self.color = color self.rect = QRectF(offset, -20, 30, 40) self.path = QPainterPath() self.path.addEllipse(self.rect) x = offset + 15 y = -20
QPointF(x - 5, y - 12), QPointF(x - 5, y)])) self.path.closeSubpath() y = 20
QPointF(x - 5, y + 12), QPointF(x - 5, y)])) self.path.closeSubpath() self.change = 1 self.angle = 0 self.timer = QTimer()
QObject.connect(self.timer, SIGNAL("timeout()"), self.timeout) self.timer.start(INTERVAL)
The first thing to notice is that we accept a parent parameter and pass it on to the base class. We did not do this for the Head because when an item is added to a scene, the scene automatically takes ownership of the item, so there was no need. But segments are not explicitly added to the scene since they are all children of other items. The first segment's parent is the multipede's head, the second segment's parent is the first segment, the third segment's parent is the second segment, and so on. When the head is added to the scene the segments are added too; but the scene takes ownership of only the head. Although we could have given the segments no parent and added them directly to the scene, it is much more convenient to make them child items. In particular, the parent-child relationship between graphics items is used to propagate transformations from parent to child.
The offset is an x offset relative to the head, no matter which segment we are initializing. The rectangle is used to draw the segment's ellipse, but unlike the head, it does not encompass the entire shape because segments have protruding legs. Because the segment's shape isn't simple, we create it using a painter path. We begin with the segment's "body", a simple ellipse. Then we draw one leg (a very flat triangle), and then the other leg. The addPolygon() method takes a QPolygonF(), which itself is constructed with a list of QPointF objects. After each leg is added, we call closeSubpath(); alternatively, we could simply have added an extra point at the end, a copy of the first point. The change and angle instance variables are used for movement; we will cover them in the time-out() event.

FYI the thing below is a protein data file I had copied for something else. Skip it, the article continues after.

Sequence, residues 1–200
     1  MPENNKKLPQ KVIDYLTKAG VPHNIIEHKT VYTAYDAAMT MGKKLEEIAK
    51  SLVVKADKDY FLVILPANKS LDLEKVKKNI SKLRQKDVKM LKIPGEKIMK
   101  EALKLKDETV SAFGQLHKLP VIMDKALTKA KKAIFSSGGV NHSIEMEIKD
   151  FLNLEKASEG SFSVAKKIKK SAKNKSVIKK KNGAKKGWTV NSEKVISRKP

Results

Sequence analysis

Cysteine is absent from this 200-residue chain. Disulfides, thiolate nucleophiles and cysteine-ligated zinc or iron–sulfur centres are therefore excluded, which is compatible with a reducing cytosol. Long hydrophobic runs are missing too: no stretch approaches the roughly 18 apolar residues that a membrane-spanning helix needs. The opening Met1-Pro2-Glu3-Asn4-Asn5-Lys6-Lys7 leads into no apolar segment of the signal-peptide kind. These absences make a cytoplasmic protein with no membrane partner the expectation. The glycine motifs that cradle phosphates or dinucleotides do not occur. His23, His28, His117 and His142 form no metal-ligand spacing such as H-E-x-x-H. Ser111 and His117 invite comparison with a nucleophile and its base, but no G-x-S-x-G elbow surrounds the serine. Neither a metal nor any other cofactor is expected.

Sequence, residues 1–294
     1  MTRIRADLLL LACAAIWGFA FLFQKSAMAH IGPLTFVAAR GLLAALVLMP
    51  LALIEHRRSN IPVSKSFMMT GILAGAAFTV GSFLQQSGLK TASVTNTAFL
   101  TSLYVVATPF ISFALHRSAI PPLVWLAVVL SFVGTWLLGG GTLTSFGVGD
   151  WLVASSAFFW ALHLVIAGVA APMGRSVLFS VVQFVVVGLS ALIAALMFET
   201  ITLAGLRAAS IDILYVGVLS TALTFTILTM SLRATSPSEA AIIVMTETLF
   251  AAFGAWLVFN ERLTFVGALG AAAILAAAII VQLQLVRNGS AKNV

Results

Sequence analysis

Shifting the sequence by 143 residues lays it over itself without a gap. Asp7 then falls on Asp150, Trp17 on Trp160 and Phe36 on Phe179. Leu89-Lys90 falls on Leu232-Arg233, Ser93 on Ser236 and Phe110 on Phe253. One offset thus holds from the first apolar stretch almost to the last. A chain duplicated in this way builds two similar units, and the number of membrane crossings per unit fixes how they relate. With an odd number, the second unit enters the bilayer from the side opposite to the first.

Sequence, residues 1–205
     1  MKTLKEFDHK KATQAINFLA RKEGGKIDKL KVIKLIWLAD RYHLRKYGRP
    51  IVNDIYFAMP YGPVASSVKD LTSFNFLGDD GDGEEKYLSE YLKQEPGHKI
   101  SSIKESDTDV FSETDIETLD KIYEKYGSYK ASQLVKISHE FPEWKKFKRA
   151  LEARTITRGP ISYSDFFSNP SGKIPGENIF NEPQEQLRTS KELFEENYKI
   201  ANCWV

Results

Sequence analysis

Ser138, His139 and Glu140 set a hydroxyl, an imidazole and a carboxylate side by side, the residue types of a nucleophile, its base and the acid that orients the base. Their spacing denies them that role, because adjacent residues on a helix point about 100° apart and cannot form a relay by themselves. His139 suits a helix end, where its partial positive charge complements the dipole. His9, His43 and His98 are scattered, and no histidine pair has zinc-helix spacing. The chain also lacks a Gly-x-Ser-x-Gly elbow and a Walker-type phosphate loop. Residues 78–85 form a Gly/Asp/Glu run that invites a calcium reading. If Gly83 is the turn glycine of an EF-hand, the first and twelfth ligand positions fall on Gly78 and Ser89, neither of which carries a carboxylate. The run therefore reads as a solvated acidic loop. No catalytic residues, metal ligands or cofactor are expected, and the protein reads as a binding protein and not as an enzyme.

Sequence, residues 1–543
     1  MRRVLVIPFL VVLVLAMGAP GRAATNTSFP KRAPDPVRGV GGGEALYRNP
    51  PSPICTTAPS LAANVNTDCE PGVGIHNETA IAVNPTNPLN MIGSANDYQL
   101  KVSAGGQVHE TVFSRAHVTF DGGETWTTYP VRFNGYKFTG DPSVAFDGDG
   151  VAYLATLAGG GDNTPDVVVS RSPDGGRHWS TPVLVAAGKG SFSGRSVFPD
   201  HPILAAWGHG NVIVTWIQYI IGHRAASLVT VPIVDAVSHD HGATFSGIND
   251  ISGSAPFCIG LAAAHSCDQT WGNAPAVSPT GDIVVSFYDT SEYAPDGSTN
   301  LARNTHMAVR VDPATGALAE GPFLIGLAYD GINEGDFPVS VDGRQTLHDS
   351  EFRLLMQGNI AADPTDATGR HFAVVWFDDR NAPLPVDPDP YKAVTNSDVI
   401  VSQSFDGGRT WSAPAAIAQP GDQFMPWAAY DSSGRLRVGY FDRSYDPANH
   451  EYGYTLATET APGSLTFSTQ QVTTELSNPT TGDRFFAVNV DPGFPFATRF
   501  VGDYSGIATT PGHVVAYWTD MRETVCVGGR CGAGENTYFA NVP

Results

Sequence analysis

The bounding rectangle must account for the entire shape, including the legs, but is it easy to obtain using QPainterPath.boundingRect().
def shape(self): return self.path
The shape isn't straightforward, but thanks to the path being calculated in the initializer, this method is simple.
def paint(self, painter, option, widget=None): painter.setPen(Qt.NoPen) painter.setBrush(QBrush(self.color)) if option.levelOfDetail <0.9:
Thanks to precalculating the rectangle and painter path, the paint() method is much easier and faster than it would otherwise have been. If the scene is zoomed in to 90% or less, we just draw an ellipse; otherwise, we draw the shape in full detail using the painter path.
def timeout(self): if not Running:
return matrix = self.matrix() matrix.reset() self.setMatrix(matrix) self.angle += self.change if self.angle > 5: self.change = -1 self.angle -= 1 elif self.angle < -5: self.change = 1 self.angle += 1 self.rotate(self.angle)
When a multipede's head moves, its first (child) segment moves with it, and that segment's child segment moves with it, and so on. This is fine, but it means that the multipede's shape is rigid. We want the segments to gently sway from side to side as the multipede moves, and for this reason we have given the segments their own timers.
We retrieve the segment's transformation matrix, clear any transformations (rotations) that have been applied, and then rotate the segment. The change variable starts out as 1 and the rotation angle starts out at 0°. At every time interval, the change is added to the angle. If the angle reaches 6 (or -6), we make it 5 (or -5) and negate the change value. This means that the angle has the sequence 1, 2, 3, 4, 5, 4, 3, 2, 1, 0, -1, -2, -3, -4, -5, -4, -3, -2, -1, 0, 1, 2, and so on, which produces a nice swaying effect.
This completes our review of animating complex shapes. Using painter paths, shapes of arbitrary complexity can be created, and by storing the paths as static or as instance variables, a lot of calculation can be done one-off rather than in every call to a paint method. The approach we have used to achieve animation is not the only one possible. For example, we could use QGraphics-ItemAnimation items in conjunction with a QTimeLine. Another approach would be to take the timers out of the items themselves and instead keep a set of references to them. Then, a timer in the form could be used, and at each interval each item in the set could be moved and collisions could be resolved from the form's timeout handler. There is no one and only right approach; rather, the best approach will depend on the needs of the application itself.